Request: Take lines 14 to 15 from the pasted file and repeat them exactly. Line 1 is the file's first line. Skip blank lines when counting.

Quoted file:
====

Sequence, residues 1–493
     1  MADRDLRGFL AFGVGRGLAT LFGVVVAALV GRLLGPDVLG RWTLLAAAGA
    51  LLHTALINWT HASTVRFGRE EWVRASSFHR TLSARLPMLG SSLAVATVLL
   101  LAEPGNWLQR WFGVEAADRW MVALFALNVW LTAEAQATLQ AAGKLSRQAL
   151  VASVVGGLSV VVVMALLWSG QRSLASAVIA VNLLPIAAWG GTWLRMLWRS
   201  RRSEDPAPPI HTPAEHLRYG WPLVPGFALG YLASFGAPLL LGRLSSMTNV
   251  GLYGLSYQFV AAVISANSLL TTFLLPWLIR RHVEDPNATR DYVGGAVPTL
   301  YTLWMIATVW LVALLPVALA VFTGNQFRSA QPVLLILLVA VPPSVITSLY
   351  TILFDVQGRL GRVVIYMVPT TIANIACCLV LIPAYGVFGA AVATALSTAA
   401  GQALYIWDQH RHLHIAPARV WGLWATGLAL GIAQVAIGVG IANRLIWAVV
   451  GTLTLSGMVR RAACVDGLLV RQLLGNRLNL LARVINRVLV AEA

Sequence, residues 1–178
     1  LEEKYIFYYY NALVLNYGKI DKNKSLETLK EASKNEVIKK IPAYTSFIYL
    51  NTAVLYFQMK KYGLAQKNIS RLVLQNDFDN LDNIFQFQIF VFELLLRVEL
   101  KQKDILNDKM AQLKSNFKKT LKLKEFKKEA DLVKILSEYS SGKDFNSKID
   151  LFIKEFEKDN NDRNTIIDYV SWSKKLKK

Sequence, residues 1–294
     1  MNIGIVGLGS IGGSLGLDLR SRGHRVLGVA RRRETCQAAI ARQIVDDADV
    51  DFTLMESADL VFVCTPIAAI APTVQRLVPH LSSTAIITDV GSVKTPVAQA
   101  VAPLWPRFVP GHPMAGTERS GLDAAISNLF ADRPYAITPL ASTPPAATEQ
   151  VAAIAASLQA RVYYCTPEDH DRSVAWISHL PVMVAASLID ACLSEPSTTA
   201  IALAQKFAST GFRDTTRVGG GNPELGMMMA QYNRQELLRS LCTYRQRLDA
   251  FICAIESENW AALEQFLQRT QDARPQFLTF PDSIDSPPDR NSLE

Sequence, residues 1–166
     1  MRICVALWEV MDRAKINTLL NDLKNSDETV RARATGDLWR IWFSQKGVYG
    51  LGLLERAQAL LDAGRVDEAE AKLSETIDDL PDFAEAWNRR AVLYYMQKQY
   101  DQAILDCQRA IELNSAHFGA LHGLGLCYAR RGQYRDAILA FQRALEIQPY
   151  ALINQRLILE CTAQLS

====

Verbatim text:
    51  NTAVLYFQMK KYGLAQKNIS RLVLQNDFDN LDNIFQFQIF VFELLLRVEL
   101  KQKDILNDKM AQLKSNFKKT LKLKEFKKEA DLVKILSEYS SGKDFNSKID